The researchers also discovered that loan managers’ bias persisted throughout their careers, suggesting “the economic costs of ethnic conflict are long-lasting, potentially spanning across generations,” Skrastins said.

The paper documents the lifelong consequences of racially divisive personal experiences in childhood, rather than shorter-term increases in in-group favoritism as a result of current events. The authors say that, to their knowledge, this is the first research on the topic.

Lending decisions over seven years

Skrastins, Raymond Fisman of Boston University, and Arkodipta Sarkar and Vikrant Vig, both of the London Business School, analyzed loan managers’ lending decisions from 1999 to 2006.

In tandem, they used a database of Hindu-Muslim riots from 1950 to 1995, along with each loan manager’s year and city of birth. With that information, they could infer whether ethnic riots erupted in a loan officer’s hometown during his childhood.

All men in the sample were born after 1950 and joined the bank no later than 1995.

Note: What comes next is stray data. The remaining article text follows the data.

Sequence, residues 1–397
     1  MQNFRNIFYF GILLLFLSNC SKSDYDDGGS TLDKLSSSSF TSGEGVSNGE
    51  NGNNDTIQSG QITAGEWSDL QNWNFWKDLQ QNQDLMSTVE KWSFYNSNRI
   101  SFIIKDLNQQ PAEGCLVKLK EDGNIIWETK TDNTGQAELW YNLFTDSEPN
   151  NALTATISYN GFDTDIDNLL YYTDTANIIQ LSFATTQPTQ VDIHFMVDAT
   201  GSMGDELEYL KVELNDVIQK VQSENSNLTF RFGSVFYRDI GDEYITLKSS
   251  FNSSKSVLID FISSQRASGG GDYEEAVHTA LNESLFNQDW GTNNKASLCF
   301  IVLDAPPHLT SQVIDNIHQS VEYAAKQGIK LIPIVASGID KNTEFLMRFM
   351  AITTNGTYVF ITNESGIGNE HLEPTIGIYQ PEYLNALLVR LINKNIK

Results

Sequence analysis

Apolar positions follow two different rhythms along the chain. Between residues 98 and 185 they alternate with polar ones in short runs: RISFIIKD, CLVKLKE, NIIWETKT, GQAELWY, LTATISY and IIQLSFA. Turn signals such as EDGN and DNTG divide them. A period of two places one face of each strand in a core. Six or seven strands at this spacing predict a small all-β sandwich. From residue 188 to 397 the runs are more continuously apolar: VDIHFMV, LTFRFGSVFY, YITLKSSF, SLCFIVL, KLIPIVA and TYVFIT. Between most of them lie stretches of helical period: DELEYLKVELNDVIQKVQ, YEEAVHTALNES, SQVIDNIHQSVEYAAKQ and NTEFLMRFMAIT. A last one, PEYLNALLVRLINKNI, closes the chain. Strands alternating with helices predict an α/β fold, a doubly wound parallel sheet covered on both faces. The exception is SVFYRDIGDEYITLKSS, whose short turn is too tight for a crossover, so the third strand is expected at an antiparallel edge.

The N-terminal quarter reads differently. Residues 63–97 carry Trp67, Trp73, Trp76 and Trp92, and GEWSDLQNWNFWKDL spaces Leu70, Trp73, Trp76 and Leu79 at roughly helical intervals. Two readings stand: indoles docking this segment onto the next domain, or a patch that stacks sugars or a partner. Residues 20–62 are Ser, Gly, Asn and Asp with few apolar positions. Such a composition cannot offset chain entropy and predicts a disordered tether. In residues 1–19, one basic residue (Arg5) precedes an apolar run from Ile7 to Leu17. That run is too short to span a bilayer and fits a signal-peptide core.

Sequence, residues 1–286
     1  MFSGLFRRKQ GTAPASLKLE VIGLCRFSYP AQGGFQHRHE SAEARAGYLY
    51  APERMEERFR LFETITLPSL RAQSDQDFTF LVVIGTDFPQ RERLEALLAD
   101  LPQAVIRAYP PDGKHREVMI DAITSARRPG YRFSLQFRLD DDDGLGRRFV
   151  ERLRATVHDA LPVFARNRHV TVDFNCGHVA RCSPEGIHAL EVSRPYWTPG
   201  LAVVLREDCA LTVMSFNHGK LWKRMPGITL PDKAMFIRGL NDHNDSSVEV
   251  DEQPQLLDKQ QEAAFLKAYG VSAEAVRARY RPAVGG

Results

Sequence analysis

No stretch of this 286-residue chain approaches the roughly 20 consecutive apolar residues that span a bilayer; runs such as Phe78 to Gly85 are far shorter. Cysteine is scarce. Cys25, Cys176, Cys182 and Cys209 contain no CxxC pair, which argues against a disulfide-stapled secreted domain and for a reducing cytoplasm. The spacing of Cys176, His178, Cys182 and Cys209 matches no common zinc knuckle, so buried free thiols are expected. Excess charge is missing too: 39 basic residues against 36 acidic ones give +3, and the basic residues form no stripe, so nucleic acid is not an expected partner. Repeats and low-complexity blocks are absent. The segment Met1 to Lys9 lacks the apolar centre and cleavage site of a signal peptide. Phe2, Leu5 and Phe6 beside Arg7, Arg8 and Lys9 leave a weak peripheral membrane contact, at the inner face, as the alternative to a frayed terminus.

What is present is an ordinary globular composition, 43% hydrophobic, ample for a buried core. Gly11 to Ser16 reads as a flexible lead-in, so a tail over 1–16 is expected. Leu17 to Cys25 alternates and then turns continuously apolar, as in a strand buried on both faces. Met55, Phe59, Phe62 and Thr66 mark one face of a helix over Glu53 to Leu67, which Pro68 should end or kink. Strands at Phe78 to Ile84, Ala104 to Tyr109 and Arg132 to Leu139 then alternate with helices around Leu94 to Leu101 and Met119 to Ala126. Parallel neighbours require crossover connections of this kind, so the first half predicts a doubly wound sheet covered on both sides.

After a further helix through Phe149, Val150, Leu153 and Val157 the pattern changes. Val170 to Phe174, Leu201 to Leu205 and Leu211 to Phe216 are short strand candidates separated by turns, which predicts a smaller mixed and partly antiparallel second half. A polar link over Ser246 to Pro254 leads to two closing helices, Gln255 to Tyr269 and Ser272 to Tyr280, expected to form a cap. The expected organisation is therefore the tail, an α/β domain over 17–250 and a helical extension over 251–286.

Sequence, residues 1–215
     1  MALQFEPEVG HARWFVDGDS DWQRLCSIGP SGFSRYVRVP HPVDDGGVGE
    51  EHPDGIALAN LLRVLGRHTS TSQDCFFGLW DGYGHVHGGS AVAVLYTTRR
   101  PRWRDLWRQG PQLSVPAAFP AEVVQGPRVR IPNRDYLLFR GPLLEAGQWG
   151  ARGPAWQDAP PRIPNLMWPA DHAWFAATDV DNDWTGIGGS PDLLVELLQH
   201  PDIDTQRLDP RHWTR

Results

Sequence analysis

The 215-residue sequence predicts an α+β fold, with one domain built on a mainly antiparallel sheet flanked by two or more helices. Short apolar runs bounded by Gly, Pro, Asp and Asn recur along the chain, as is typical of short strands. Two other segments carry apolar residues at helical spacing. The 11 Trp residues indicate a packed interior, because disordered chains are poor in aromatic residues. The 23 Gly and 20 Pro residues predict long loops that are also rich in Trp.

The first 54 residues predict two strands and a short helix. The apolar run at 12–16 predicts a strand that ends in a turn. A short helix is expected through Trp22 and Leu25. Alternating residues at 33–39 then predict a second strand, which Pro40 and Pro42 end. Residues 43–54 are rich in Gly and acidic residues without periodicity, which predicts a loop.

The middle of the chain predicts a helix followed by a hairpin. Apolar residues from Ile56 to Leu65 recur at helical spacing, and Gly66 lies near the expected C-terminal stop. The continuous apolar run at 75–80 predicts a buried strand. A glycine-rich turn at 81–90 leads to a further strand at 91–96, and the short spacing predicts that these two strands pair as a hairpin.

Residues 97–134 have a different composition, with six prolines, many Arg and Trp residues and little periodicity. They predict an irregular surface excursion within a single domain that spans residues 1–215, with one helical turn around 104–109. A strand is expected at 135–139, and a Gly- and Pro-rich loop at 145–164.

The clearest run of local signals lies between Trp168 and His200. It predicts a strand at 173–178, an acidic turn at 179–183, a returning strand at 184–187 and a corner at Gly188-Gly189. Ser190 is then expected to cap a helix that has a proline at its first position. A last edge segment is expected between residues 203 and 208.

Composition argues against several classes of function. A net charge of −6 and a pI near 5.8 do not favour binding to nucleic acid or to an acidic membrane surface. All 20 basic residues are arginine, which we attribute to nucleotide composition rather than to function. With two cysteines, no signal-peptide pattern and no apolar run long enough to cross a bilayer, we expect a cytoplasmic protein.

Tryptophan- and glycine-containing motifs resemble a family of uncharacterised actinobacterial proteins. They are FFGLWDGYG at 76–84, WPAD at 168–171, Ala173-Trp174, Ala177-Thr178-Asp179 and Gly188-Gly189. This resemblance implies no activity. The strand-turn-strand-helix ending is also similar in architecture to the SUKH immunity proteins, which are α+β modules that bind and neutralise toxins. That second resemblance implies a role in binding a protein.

The researchers measured riot exposure based on riot deaths in the loan managers’ hometowns from the year they were born to when they joined the bank. Generally, new loan managers at the bank are in their early 20s. Since the bank forbids any loan manager from working in his hometown, they necessarily leave their birthplace when they join the bank.

Because the bank requires loan managers and borrowers to list their religion, the researchers also had access to that information.

‘Riot-exposure’ defined

In their main results — which used local riot deaths of 10 or more people to define “riot exposure” — they found this: The presence of a riot-exposed loan manager was associated with 4 percentage points higher lending to Hindu borrowers relative to all other borrowers.